The latest Flu watch report from the CDC also shows that for the first time during the current flu season the number of deaths reported due to pneumonia or influenza has spiked well above the epidemic level.
Flu activity by state continues to be the highest in the Southwest region of the United States. Thirteen states experienced high flu activity, as illustrated in the Illness Surveillance Network (ILINet) graphic attached to this article.
During the current reporting period 8.1% of all deaths were due to pneumonia or influenza, well above the 7.2% epidemic threshold. Each week the CDC collects statistics of 122 cities across the United States where pneumonia or influenza was listed as the underlying or contributing cause of death. For the week ending January 18, 2014, there were 1,104 pneumonia and influenza deaths on the CDC 122 Cities Mortality Reporting Systems report.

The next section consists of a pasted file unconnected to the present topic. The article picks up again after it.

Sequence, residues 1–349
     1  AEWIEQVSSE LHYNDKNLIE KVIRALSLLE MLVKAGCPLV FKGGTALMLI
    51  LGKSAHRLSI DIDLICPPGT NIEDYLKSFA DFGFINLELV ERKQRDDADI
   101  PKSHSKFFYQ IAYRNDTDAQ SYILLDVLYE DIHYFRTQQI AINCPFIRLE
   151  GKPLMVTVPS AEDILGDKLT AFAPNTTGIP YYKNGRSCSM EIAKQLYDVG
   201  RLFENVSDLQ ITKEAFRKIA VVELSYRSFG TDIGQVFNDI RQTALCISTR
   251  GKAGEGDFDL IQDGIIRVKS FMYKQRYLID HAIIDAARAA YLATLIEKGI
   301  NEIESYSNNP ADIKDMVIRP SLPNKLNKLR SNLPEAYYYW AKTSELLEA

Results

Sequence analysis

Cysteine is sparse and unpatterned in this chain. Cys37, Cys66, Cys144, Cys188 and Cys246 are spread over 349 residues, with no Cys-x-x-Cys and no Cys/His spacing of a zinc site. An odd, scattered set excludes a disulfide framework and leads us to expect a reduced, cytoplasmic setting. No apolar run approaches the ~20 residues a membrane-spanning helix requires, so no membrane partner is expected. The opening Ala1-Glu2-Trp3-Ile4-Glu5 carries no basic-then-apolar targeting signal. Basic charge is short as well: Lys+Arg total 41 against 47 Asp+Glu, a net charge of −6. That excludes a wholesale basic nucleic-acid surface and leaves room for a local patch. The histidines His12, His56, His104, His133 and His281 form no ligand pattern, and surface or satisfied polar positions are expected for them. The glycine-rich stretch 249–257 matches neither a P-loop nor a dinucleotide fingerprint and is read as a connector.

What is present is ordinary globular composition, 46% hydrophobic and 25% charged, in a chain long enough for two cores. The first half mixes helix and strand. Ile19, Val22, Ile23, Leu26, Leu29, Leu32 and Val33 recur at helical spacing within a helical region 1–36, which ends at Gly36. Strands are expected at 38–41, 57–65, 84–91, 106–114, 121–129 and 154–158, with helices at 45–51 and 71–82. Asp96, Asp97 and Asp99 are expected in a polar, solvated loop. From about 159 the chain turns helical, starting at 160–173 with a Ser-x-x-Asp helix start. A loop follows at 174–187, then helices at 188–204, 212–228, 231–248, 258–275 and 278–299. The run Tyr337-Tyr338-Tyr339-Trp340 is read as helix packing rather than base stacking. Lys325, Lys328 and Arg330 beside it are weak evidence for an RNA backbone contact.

Scattered reports from across the country show spikes in the number of flu deaths.
In Texas, although fewer infections seemed to signal an easing of the local outbreak, Dallas County reported five more flu deaths Friday.
In California, there have been 95 confirmed flu-related deaths, up 50 since health officials released figures last week.
Just because the flu activity in your area seems to be easing up, don't let your guard down. The flu can still be deadly.
In terms of disaster preparedness or emergency preparedness, something like the flu is often overlooked. A pandemic can wipe out a high percentage of the world population, but a local epidemic can be just as harmful to you and your family.
We will keep you posted on any major news on flu activities and the threat of a possible pandemic.
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Confused about what is a pandemic? And what can you do to prevent the flu? Check out our article on answering common pandemic questions and survival information.
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